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Kierkegaard's Existential Lover

Does death hold the key to true love?

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It was the autumn of 1841. About a year earlier, Regina Olsen had happily accepted a marriage proposal from her beloved Søren Kierkegaard, but now, without providing any proper explanation, he had broken off their engagement. Nothing helped to change his mind. A couple of years later, she became engaged to another and he began writing and publishing his (often provocative) works, which, in the years to come, would put Denmark on the map of Western philosophy. He died young, at the age of 42, and lived alone, seemingly indifferent to the joys and sorrows of romantic love - but only seemingly. His lost Regina was, in his eyes as good as dead – but not forgotten. Like a haunting ghost, the recollection of her hovers around many of his writings, indicative not only of his broken heart but, more significantly, of his philosophical interest in the nature of love.

When it comes to love, then, death is not necessarily the end; on the contrary, it can be seen as playing a crucial role in active, living love, Not only when it comes to love for a beloved who is absent (as in the case of Kierkegaard and Regina), but also when it comes to love for a beloved who is present. And indeed, according to Kierkegaard, for any love to be genuine, the lover must dance with death: the thought of it must be a constant companion to love. What does he mean by this?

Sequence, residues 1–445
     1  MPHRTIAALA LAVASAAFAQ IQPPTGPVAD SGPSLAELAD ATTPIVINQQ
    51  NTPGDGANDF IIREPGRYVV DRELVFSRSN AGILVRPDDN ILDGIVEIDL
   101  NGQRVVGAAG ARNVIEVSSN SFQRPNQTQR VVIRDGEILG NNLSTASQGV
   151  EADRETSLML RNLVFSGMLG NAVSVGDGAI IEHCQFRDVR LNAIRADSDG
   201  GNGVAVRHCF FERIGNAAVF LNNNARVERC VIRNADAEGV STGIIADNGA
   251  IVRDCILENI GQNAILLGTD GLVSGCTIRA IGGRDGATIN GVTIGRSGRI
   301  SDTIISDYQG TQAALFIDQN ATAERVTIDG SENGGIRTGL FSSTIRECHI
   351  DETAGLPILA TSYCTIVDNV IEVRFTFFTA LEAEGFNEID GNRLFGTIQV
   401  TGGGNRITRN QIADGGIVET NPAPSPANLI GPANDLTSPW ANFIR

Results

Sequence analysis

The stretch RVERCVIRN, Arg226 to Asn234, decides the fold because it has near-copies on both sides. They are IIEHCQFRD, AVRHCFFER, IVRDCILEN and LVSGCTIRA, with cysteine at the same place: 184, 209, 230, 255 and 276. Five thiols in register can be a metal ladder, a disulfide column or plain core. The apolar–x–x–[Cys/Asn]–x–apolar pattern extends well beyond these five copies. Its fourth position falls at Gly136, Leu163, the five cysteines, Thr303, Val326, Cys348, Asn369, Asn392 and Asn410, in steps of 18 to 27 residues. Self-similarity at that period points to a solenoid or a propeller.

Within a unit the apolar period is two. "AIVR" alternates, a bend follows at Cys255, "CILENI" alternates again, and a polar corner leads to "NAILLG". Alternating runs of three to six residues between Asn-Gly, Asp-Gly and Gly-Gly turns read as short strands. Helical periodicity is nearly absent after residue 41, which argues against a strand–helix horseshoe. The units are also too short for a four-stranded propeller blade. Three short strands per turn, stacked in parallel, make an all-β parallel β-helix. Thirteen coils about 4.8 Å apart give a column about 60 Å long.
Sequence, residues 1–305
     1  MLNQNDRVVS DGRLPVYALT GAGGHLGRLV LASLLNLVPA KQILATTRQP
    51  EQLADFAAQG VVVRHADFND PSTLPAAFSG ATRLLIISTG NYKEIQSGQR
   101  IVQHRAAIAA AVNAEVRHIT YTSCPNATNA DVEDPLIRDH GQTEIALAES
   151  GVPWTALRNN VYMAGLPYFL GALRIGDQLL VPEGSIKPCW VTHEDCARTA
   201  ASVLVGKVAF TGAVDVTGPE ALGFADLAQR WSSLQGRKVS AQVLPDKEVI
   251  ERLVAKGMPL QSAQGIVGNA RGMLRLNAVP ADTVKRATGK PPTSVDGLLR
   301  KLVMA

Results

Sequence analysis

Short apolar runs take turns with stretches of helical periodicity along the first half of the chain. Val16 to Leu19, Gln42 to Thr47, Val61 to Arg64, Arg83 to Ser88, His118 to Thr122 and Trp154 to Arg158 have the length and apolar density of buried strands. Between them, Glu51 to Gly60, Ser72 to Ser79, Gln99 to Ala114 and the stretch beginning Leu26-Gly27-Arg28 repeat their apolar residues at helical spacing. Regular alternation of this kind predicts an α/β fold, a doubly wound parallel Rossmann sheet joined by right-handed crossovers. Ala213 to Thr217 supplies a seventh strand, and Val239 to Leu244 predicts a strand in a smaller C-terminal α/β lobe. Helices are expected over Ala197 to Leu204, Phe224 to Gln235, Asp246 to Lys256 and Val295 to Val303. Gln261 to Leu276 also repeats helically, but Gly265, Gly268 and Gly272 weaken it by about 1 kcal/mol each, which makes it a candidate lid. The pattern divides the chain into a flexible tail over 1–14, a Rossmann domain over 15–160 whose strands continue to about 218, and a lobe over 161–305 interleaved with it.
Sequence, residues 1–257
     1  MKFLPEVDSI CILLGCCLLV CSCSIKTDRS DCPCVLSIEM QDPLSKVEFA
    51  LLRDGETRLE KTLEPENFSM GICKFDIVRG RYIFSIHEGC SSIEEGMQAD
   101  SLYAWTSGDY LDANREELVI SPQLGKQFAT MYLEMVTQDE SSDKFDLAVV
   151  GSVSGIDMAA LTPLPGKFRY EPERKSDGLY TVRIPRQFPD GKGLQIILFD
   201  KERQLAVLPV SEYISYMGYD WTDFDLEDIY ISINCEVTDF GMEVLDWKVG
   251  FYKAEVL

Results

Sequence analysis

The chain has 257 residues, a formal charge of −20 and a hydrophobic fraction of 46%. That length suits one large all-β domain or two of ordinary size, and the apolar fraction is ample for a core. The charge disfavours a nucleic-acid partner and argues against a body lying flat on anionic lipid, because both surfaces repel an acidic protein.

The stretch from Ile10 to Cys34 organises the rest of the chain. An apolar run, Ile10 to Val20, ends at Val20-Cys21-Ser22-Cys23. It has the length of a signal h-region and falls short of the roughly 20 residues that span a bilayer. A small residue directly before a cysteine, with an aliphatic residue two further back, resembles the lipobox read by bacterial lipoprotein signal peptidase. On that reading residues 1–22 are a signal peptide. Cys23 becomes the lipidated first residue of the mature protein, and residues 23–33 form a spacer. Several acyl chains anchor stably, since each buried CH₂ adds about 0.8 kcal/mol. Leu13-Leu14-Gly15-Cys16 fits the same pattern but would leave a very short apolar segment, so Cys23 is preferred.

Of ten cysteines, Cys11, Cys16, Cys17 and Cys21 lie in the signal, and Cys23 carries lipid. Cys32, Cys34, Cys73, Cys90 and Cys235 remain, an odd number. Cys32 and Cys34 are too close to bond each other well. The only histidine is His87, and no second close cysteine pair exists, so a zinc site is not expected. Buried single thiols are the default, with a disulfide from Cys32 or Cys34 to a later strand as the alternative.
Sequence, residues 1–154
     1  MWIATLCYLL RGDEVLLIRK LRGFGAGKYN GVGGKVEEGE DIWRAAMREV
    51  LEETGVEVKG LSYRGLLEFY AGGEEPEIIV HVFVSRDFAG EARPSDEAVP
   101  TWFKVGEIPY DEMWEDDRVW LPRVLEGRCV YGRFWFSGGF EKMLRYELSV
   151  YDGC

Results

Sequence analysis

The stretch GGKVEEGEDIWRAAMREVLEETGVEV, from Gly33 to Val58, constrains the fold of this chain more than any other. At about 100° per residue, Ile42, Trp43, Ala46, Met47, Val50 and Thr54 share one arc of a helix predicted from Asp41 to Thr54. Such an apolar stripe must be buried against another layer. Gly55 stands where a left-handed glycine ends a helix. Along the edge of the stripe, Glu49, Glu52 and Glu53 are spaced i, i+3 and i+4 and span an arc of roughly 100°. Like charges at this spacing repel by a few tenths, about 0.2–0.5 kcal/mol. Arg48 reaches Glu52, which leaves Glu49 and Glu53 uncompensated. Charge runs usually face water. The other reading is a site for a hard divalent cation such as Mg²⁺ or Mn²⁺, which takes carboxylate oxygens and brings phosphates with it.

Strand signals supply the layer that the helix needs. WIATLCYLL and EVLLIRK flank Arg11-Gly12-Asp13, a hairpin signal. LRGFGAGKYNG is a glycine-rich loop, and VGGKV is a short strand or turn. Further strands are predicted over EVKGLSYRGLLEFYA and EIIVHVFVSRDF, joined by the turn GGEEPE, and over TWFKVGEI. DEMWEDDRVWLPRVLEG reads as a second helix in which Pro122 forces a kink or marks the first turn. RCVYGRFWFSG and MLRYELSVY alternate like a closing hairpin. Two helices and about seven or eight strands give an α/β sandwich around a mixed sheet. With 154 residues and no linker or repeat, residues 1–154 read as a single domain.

The themes of love and death are interwoven into Kierkegaard’s entire oeuvre. As an existential philosopher, he is preoccupied with human temporality and finitude, and therefore death. As a Christian philosopher, he takes love to be the heart of human existence. And, as a romantic soul, he converges the two. This convergence between death and love is particularly apparent in two key points in his philosophy. Both in his religious analysis of love in Works of Love (1847) and in his existential analysis of faith in Fear and Trembling (1843), the lover is implicitly requested to think of his beloved and of death at the same time. In both, the thought of death functions to edify love. But how?